The rise of the gig economy resulted to a career shift for numerous members of today’s workforce. Day by day, more and more people are giving up their traditional jobs in exchange for remote working, solopreneurship and freelancing.
This sudden shift in jobs then resulted to a demand for workspaces that can cater to their specific needs and wants. Hence, it’s no surprise that the industry witnessed a fast paced growth among coworking spaces in the recent years. The Global Coworking Survey reported 11,300 spaces worldwide with over 835,000 members. Experts predict that by the year 2020, the numbers would increase by 26,000 and members will grow to 3.8 million.
And as founders found more creative ways to appeal to diverse niches, hybrids of shared spaces have emerged. From unorthodox offices that have in-house climbing walls and play grounds to women-friendly, ladylike spaces with millennial pink walls and feminine interior.
According to a Bloomberg article released last January, these female focused workspaces is a response to the predominant “fratty [co-working] venues that advertise kegs and pingpongs”. Founder of all-female coworking space Rise Collaborative, Stacy Taubman, says that the women of today’s workforce are craving for community, connection and confidence – and that is what they are giving to them.
In hindsight, the concept isn’t relatively new. Over a century ago, thousands of “women’s clubs” surfaced to free its members of domestic drudgery by allowing them to form reading circles and study clubs. The trend of female-only workspaces have become the extension of this historical precedent.
In the US, more and more female-centric coworking spaces are rising such as The Wing, SheWorks Collective, Rise Collaborative, New Women Space, Paper Dolls, Hera Hub and Shecosystem.
By entering market with a fresh concept, issues are bound to rise. Critiques will comment on how exclusionary this may be in today’s age of neutrality and gender equality but founders have a rational explanation to this.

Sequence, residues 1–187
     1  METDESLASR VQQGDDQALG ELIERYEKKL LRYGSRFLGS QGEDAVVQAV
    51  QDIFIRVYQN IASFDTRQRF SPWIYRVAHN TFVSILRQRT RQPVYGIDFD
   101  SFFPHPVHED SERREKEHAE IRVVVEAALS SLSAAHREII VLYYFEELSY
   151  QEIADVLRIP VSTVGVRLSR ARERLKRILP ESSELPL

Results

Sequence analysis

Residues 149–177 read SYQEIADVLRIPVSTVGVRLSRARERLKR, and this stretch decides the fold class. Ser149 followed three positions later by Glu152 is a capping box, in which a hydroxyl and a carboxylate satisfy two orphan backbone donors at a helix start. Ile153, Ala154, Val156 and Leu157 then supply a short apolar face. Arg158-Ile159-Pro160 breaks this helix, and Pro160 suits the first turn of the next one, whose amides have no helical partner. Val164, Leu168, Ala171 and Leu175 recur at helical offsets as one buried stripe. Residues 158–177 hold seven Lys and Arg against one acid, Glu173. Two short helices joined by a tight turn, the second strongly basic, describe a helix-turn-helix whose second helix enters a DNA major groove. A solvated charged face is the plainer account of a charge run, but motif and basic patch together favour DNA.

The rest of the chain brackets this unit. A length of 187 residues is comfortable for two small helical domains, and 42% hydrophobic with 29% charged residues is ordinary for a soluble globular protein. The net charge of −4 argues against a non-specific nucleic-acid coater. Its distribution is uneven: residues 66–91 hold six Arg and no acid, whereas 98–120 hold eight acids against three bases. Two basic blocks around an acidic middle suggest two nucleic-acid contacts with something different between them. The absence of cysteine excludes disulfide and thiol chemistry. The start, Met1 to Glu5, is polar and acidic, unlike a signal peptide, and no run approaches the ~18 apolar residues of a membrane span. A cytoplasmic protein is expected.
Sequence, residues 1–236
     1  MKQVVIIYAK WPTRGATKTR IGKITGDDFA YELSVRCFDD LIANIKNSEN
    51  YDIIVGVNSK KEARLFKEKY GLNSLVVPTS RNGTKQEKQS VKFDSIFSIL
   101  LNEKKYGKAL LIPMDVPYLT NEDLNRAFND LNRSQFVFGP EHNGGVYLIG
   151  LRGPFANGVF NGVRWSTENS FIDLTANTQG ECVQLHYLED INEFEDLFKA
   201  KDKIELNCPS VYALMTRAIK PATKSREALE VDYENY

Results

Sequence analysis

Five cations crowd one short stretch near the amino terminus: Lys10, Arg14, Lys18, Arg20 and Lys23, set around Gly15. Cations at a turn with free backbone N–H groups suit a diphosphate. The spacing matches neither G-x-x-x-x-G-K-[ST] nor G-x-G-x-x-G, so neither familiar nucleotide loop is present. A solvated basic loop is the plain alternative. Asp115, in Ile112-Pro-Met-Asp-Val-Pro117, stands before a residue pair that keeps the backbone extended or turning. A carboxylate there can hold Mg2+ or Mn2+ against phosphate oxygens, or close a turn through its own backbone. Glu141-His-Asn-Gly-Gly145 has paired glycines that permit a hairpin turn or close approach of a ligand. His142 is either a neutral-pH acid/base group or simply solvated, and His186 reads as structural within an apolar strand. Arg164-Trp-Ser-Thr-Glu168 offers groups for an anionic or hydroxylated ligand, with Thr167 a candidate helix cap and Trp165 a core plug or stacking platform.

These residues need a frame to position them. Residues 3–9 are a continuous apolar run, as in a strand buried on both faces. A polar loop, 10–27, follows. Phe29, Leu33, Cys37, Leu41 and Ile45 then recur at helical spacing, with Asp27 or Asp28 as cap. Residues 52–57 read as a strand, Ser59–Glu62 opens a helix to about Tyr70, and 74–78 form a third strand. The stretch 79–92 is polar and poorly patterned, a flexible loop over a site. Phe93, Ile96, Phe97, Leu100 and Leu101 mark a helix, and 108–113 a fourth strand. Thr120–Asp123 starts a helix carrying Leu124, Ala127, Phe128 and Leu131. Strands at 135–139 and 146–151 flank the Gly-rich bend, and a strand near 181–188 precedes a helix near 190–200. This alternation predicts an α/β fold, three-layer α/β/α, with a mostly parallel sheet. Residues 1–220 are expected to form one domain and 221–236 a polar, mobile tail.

Finding A Place To Belong
There are several factors that contributed to the demand of female-only offices. For one, there is the obvious fact that the corporate world and even the startup ecosystems remain to be male dominated despite of the progress humankind has made in gender equality.
Women still experience discrimination in their workplace. In a survey conducted last March 2016, 8 in 10 fully employed women believe that gender discrimination remains to be present in the workplace. Almost half of the respondents have also reported that they have personally experienced discrimination because of their gender.
By designing ladylike spaces for themselves, women are addressing the challenges and difficulties they face in developing their respective profession. Paper dolls founder Jen Mojo said in a HuffingtonPost article that today’s women are building the structure of their career by collaborating in order for them to access the resources that they need.
Mojo further adds that another contributing factor to this emerging concept is stress hormones. In a recent study by researchers from the Indiana University reported unhealthy levels of cortisol – the stress hormone – amongst ‘token’ women working in male-dominated offices.
The gaps in the available resources that support the growth of women as entrepreneurs are being filled by these no-boys allowed coworking spaces.
Though there’s already a significant presence of all-female spaces in the US and other European countries, majority of the shared offices around the world are co-ed. And on the other side, male-only spaces have been established as well – one example is Australia’s first male only coworking space and gym, Nomadic Thinkers.
According to the Global Entrepreneurship Monitor 2012 Women’s Report, women are undeniably underutilized in the ecosystem of work. Job creation capacity of half of the world’s population is lost if they are not actively engaged as entrepreneurs.
Hence, more and more flexible workspace providers are coming up with ways to attract female entrepreneurs to join their spaces. Specific spaces in the US started offering child care services so that the ladies in their community can both be a mom and an entrepreneur.
Mojo says that all these structures boil down to changing the world of work and providing equal support as well as opportunity to all genders. As this shift towards ladylike spaces continues, we can expect more offices that are built around collaboration and community.